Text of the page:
To borrow a phrase from Nick Fury (and countless other people over the years): “This isn’t my first rodeo.” I’ve queried before, often to no luck. Rejection happens more often than not: The publishing industry is a hard nut to crack. You just have to dust yourself off, get back up, and continue to submit, potentially with a new project. Doing just that was a tough decision for me. I put so much effort and time into Passage–its characters, its plot, its worldbuilding. However, as my SciFi novel grew and took shape, I had to acknowledge it had the best shot in the current market, so I put all my effort into bringing it to fruition.
Now Heritage Lost is wrapped up, and I’m putting together query letters and a synopsis while also toying with the idea of participating in #PitMad, which is Feb. 11. My ultimate goal is to begin querying agents throughout February, hopefully tantalizing one to bite.
I do feel I made the right decision to proceed first with Heritage, especially as I go through the process of writing query letters. The brief paragraph detailing the book flows off the keyboard, much easier than Passage‘s did about a year or two ago. The book’s characters have also grown on me: They are no longer the strangers they were at the beginning, especially after coming off my long-time fantasy series. And I do look forward to following Katya and crew as they continue their journey, wherever it might end.
So wish me luck and cross your fingers. In the meanwhile, I’m sharing some of what I’ve learned about dreaded novel synopses.
The Dreaded Synopsis
I have always hated writing synopsis. It’s hard to condense an almost 400-page book into an one- or two-page synopsis, but then I realized my approach was completely wrong. Rather than summarizing the entire book–like I did when I cobbled together my Passage synopsis, which, thank God, was never sent anywhere–I need to broaden it and not do a chapter by chapter breakdown. Instead, I learned:
- Keep it character centered. Focus on your main characters, what is at stake for them (physically, emotionally, etc.), and how they evolve over the course of the story.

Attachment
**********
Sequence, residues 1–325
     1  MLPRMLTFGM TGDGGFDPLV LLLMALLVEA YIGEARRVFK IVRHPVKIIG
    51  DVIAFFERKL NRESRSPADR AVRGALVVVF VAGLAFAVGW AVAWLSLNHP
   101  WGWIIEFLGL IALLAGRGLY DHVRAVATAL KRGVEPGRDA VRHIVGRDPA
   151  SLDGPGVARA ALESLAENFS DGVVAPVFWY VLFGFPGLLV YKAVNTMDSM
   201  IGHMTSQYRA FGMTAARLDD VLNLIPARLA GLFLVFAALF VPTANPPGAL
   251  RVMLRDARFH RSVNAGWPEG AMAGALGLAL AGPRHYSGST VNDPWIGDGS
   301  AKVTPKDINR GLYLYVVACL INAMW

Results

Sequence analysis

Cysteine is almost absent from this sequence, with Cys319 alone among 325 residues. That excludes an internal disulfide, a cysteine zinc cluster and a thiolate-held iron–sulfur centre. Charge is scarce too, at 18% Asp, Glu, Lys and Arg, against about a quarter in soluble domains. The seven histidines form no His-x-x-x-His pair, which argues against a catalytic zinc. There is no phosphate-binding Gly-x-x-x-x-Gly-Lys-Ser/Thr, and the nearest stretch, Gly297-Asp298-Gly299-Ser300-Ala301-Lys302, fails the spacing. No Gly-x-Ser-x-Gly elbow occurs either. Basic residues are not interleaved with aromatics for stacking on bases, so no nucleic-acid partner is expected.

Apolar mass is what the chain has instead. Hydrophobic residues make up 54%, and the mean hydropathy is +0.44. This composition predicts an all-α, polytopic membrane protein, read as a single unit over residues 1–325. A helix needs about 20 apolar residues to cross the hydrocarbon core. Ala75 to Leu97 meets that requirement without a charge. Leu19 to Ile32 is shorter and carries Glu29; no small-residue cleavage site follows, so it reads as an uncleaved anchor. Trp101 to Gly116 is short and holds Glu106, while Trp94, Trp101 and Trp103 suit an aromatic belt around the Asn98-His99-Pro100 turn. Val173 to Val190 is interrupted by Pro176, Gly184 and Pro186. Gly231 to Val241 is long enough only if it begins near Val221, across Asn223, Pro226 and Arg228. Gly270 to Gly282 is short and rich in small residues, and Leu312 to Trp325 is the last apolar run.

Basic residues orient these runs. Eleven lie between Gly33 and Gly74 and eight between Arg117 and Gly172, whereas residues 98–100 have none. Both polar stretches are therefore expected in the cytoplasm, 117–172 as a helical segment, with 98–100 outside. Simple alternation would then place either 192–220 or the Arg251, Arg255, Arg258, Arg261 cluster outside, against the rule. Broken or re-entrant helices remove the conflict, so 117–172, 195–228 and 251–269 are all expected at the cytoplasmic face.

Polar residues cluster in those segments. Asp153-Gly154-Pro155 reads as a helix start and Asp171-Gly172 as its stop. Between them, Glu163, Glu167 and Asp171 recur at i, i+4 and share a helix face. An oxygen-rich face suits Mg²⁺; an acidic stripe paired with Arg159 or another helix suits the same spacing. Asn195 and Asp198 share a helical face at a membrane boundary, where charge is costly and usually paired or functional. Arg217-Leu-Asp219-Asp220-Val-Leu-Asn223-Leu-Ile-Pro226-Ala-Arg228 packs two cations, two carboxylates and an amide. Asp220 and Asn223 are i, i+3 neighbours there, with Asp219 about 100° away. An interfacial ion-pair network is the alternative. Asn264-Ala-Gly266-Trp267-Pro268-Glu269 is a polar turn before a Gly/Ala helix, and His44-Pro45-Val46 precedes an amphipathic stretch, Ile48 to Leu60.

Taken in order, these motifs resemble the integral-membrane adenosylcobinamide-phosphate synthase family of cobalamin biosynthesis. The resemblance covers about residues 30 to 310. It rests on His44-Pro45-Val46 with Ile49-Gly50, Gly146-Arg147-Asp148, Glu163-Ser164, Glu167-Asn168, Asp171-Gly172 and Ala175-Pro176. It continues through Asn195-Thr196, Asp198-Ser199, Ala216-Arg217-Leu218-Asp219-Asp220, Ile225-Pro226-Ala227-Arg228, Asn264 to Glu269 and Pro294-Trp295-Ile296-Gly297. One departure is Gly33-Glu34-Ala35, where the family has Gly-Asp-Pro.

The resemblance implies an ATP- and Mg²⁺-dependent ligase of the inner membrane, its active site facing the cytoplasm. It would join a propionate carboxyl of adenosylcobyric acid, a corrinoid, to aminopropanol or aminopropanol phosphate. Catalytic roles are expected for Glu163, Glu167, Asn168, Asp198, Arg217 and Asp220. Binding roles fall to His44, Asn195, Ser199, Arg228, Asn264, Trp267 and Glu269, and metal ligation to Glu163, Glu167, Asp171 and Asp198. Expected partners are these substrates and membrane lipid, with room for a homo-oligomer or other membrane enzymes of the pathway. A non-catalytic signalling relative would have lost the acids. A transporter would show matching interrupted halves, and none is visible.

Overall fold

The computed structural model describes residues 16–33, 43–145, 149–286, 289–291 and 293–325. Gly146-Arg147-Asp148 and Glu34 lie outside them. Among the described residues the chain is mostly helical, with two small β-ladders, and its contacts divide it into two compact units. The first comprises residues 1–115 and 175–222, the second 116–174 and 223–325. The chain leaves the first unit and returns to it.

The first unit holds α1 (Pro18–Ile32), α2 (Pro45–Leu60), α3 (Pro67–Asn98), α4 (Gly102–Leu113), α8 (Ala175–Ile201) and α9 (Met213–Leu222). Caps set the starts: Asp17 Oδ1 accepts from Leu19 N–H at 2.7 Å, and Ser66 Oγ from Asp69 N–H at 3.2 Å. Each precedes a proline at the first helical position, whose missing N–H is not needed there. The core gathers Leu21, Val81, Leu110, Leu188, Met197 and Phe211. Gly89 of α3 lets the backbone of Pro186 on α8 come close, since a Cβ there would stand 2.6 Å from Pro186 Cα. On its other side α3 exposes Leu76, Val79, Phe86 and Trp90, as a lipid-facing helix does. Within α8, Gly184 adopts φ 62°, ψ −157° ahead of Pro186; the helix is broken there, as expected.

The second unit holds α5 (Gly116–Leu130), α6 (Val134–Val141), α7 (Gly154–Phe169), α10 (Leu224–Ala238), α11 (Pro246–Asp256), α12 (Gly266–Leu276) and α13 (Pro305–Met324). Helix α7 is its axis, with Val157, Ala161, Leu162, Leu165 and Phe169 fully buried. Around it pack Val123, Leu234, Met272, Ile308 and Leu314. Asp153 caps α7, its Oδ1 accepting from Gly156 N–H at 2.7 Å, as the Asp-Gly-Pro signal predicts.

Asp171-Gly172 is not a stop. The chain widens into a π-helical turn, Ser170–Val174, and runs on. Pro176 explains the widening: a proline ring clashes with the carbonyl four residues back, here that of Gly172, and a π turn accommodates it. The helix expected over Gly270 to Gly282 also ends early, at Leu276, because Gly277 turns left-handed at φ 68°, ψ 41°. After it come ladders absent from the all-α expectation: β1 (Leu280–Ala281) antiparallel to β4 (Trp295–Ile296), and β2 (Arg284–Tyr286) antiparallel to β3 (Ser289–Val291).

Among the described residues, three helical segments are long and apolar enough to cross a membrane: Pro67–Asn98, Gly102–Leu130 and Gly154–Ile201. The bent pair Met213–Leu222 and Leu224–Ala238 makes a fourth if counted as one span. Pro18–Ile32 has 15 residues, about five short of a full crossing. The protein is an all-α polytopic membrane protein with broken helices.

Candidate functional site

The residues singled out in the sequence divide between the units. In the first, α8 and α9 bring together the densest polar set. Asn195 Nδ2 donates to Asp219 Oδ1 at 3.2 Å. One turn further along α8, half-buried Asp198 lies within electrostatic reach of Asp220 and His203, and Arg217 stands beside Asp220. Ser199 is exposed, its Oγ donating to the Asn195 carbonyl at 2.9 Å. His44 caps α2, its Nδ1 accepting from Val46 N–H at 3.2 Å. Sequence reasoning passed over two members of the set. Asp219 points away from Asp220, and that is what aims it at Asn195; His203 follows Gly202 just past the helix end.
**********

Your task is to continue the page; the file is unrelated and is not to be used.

- Not a book report. Use exciting language and verbs rather than just summarizing the story (e.g., He did this. He did that. They were happy to escape). Also don’t leave out important details that would be considered spoilers if told to a reader. You are not writing the synopsis for readers; you are writing a synopsis in hopes of snagging an agent or publisher: They want to know what they are investing in.
- Can’t tell it all. In such a brief amount of space, you can’t mention every side character or every minor happening. So keep to the most important aspects of the book (e.g., large plot points, main character development, etc.) and leave the rest for the full read-through.
I also highly recommend visiting
Don’t Forget #PitMad
For those with an interest, I’ve included the #PitMad/#MSWL information below.
5 thoughts on “So Begins The Jump”
Great tips! I personally hate synopses too. I think they’re the bane of all writers’ existence. lol.
Awesome post, I wish you the best of luck. If you don’t mind me asking what was you revision process like before you decided your project was to submit?
Thanks, Steven! So far it’s been rough going, but that is to be expected; it’s very seldom that a writer lands a agent right away. In fact I’m hoping to soon get a post up about my experience so far.
But as far as my revision process: For “Heritage Lost,” aka my most recent book, I read through it twice. During these readings, I retooled sections that needed it, looked for continuity errors, sought out ways to further develop characters (perhaps avenues that I didn’t explore when writing), and killed filter words, plus unnecessary adjectives and adverbs. I also do a print-out because I find I catch more stuff when I’m looking at paper rather than at a screen. I am a staff writer and copy editor for a living at a newspaper/magazine publisher (a local one) so I can usually weed things out okay; however, I will still miss things in my own writing, or introduce errors when quickly editing. To combat that, I also have an line editor and two beta readers comb through my novels and catch what I miss. Once I get their feedback and look at the manuscript a final, I determined the manuscript was ready. If I do opt to self-publish farther down the road, I will be doing another read-through and find more beta readers since there will be no agent or editorial staff at a publishing house.
Hope that’s helpful!
That is fantastic, thank you so much for giving such a detailed response. I seem to have the problem of endless revisions. Most of my short stories get revised between 8-10 times. I just finished the 4th draft for a novel, and I am at the point where I think I need a new set of eyes on. Do you edit at all when you are writing the rough draft or do you leave it all for the revision process?
Sometimes I do edit while I’m writing. My latest manuscript had a huge gap in writing since my life had gotten so busy. To reacquaint myself with the story and characters, I had to read through everything again, and as I did that rereading, I did make many edits and reworkings to correct the story’s course since I had tweaked plot in my head and in the the outline. The results was actually a very clean, well-formed story that no one would suspect had a several-months hiatus in between writing. I have used a similar process with dangling short stories. In general, I usually do 2-3 revisions before letting trusted, honest friends read them. After they get back to me, I will then do 1 to 2 more revisions before releasing a piece to other beta readers.